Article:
4. In readiness for the hearing before me, the parties have both filed written submissions. The respondent maintains that the appellant is not credible and the Tribunal should reject his attempts to distance himself from the serious discrepancies in his account, by relying upon medical evidence. The appellant maintains that any inconsistencies in the appellant's account do not go to the heart of the claim and the account relied upon by the appellant is a plausible one. In any event, the account is supported by medical evidence. The appellant has also made an application to adduce further evidence in the form of a report from Dr Pranveer Singh, a Consultant Psychiatrist. The report confirms the appellant is suffering from a Depressive Episode of moderate severity and the current position is that he has residual symptoms of PTSD rather than the acute presentation.
5. Mr Lams confirmed that this is not an appeal in which the medical evidence establishes that the appellant is unable to give evidence. The appellant gave evidence before the First-tier Tribunal previously and is quite prepared to give evidence now. The parties both acknowledge that the re-hearing of this appeal is to take place without any findings preserved. They acknowledge it will be difficult for the Tribunal to reach an informed view as to the credibility of the appellant without having any opportunity to hear the evidence of the appellant and the opportunity to observe his evidence challenged in cross examination, as it would in the conventional way.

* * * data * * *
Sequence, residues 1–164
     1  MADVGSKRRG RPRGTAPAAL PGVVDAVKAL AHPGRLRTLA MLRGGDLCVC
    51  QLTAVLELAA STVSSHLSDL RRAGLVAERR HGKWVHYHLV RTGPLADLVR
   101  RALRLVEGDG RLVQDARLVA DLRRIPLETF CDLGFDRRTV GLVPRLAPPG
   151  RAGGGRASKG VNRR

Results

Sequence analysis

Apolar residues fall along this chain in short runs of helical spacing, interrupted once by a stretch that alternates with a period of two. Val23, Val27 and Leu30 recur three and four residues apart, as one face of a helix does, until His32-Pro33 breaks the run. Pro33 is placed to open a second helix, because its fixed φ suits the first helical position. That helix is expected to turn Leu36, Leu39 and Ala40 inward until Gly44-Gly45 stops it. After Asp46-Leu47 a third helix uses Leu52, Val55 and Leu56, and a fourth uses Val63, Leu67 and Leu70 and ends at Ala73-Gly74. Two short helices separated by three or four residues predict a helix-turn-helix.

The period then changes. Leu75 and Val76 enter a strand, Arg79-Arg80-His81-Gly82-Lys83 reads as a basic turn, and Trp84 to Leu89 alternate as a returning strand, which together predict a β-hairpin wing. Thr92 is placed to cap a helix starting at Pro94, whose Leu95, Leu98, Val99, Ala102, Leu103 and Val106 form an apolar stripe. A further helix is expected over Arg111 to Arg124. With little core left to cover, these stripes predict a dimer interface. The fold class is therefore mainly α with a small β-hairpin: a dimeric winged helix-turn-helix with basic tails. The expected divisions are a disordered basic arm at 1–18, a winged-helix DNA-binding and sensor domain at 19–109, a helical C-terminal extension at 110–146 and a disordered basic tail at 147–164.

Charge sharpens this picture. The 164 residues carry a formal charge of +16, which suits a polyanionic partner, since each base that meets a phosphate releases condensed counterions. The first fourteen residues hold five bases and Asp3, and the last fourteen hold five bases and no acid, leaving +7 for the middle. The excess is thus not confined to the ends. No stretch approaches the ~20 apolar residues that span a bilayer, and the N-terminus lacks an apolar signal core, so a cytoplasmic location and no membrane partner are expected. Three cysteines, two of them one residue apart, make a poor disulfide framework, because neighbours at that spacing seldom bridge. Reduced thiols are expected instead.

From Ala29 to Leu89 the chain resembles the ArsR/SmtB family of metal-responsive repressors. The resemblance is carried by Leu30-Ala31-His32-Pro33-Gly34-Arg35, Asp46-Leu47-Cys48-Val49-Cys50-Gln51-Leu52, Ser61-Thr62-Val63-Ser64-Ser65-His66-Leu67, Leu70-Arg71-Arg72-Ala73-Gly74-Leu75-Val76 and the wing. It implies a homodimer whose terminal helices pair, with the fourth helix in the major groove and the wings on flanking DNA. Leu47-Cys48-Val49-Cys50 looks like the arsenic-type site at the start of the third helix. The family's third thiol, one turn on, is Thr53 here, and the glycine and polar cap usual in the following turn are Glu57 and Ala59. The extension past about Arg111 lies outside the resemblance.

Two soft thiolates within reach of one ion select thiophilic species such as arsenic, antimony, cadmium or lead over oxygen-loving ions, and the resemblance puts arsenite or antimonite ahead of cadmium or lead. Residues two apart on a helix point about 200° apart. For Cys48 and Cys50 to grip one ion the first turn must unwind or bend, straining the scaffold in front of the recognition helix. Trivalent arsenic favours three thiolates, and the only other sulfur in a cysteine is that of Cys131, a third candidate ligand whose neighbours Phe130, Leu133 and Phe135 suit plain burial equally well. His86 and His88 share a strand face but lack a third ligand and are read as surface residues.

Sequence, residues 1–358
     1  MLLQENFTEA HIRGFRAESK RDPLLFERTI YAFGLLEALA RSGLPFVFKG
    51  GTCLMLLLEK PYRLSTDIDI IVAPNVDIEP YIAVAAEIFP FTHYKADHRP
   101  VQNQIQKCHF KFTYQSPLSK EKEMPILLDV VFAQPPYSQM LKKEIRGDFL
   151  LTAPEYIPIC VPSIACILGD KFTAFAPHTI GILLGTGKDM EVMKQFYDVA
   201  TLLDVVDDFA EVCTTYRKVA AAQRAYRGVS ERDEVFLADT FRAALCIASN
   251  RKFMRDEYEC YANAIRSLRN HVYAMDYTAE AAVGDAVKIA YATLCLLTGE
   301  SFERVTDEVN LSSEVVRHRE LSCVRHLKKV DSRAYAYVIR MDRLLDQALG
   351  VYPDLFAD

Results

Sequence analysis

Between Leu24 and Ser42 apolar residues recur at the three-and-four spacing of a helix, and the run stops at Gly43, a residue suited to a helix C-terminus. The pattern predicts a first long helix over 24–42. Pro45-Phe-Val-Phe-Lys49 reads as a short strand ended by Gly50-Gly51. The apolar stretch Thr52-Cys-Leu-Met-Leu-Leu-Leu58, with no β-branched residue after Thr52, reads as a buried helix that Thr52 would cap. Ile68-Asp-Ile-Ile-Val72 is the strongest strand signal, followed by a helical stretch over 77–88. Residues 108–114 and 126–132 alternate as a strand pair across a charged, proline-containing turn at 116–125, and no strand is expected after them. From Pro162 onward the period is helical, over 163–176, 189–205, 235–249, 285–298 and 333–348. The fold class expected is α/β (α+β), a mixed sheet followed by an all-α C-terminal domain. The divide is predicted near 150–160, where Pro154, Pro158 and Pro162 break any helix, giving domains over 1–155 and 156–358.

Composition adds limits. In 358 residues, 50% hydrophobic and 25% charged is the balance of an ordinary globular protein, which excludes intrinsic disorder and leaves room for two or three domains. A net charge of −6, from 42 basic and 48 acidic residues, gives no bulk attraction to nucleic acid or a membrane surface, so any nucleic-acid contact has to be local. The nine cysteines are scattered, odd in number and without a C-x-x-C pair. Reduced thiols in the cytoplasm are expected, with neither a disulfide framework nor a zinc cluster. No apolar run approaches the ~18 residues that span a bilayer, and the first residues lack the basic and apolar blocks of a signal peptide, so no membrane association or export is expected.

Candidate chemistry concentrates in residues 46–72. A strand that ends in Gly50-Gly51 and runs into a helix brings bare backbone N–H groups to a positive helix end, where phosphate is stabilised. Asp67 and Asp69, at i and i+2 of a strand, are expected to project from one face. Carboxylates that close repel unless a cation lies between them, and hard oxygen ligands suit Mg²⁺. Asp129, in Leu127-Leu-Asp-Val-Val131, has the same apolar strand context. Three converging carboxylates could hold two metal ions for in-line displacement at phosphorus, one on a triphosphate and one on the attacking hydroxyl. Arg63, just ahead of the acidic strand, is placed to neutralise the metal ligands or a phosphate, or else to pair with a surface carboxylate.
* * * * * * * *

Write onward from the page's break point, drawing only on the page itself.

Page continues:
6. Having had the opportunity of considering the written submissions helpfully made by the parties, it would in my judgement the inappropriate, and potentially procedurally unfair, for me to determine the appeal without providing the appellant an opportunity to give evidence, and, without giving the respondent an opportunity to challenge the appellant's evidence in the usual way, before reaching a decision as to the appellant's credibility, and make findings against which the assessment of the risk upon return is to be considered. The assessment of a claim for asylum such as this is always a highly fact sensitive task. It is not in the interests of justice for me to simply make my findings on the basis of a reading of the First-tier Tribunal Judge's record of the evidence insofar as it is recorded in the decision of the First-tier Tribunal, and upon hearing submissions made by the parties representatives. Furthermore, there is now further medical evidence relied upon by the appellant.
7. The decision of First-tier Tribunal Judge Moffatt is tainted by a material error of law and has been set aside by Upper Tribunal Judge Coker. The appeal is to be re-heard with no findings preserved. Having now had the opportunity of considering the submissions made by the parties and the further evidence relied upon by the appellant, I accept the submission made by both Mr Lams and Mrs Aboni that the most appropriate course is for the appeal to be remitted to the First-tier Tribunal for hearing afresh, and for the direction made by Upper Tribunal Judge Coker that no oral evidence will be called, to be set aside. I have decided that it is appropriate to remit this appeal back to the FtT for hearing afresh, having considered paragraph 7.2 of the Senior President's Practice Statement of 25th September 2012. The nature and extent of any judicial fact-finding necessary will be extensive. The parties will be advised of the date of the First-tier Tribunal hearing in due course.

Signed V. Mandalia Date: 27th October 2020

Upper Tribunal Judge Mandalia